Titjikala Art Centre, N.T
Cooee Art Gallery
Johnny Young was born in 1964 grew up on the mission at Santa Teresa, now known as Ltyentye Apurte. As a young man he was employed as a stockman breaking in horses and camels, and began working with leather, making functional pieces for saddlery and craft ware.
In his spare time Johnny pursued the tradition of creating ‘bush toys’ from wire, scrap metal and other salvaged materials. His first work was a small version of a football field, complete with players made from horseshoe nails.
Over the years Johnny has proven himself to be as versatile as the materials from which he shapes his craft, and his subjects range from cowboys and rodeo riders to camels, cameleers and motorbikes. Figurines are constructed from recycled copper wires wound tightly together, and then dressed using a range of found and salvaged items. Johnny’s artwork reveals a deep love of station life, and invites us to look at the social history of the region in which Aboriginal people have been central to the pastoral industry for generations.
In the early 1990’s he moved to the Titjikala community to marry, and currently lives there with his family.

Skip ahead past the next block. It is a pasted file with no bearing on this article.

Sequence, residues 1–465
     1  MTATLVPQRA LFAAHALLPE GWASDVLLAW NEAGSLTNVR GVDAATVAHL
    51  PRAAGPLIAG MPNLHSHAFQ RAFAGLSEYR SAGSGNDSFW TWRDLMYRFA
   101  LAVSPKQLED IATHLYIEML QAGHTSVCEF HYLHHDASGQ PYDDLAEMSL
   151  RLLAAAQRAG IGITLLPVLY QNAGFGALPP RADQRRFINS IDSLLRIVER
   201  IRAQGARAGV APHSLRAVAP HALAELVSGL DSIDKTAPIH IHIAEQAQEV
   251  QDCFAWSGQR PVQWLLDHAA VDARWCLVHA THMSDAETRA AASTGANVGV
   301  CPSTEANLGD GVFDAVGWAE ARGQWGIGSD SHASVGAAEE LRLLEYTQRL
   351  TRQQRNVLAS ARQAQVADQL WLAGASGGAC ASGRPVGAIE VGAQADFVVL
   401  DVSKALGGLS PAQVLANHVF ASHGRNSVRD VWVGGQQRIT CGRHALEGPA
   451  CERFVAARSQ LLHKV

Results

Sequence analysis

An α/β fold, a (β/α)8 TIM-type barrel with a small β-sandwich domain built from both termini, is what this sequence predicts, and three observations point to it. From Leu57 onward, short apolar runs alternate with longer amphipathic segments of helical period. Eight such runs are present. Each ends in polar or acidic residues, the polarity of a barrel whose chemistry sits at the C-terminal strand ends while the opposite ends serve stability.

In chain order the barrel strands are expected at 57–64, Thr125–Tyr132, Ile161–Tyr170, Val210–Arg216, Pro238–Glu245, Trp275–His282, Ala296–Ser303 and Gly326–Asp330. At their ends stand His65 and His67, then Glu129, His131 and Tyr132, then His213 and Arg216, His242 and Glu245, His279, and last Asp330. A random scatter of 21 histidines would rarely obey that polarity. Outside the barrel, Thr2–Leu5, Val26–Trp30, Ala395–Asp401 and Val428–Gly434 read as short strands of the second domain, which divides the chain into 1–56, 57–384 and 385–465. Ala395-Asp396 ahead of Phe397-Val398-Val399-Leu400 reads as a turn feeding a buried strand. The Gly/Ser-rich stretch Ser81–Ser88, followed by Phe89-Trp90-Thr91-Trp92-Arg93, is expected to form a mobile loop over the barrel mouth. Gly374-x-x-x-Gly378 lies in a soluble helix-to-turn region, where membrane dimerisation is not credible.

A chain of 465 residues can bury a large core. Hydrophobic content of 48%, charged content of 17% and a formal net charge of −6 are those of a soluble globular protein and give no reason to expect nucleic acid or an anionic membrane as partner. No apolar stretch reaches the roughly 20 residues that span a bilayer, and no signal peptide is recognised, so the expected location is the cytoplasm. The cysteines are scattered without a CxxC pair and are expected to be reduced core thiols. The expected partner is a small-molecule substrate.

Titjikala is a small community located 107km south of Alice Springs, on the edge of the Simpson Desert, and has a population of approximately 300 people, whose primary language is Luritja, Arrernte or Pitjantjatjara. The community is also known as Tapatjatjaka or Maryvale.
Aboriginal people started settling in the area in the 1950s, when a mission truck visited every six weeks. Families would work at the surrounding stations as stockman, cameleers and domestic staff.
The countryside surrounding Titjikala is characterised by red sand-hills and desert oaks. The community is host to the renowned Titjikala Art Centre, where the local artists produce a variety of unique indigenous art forms including Paintingss, bush toys, wire sculptures, punu (wood carving), weaving, jewelry and grass and raffia sculptures.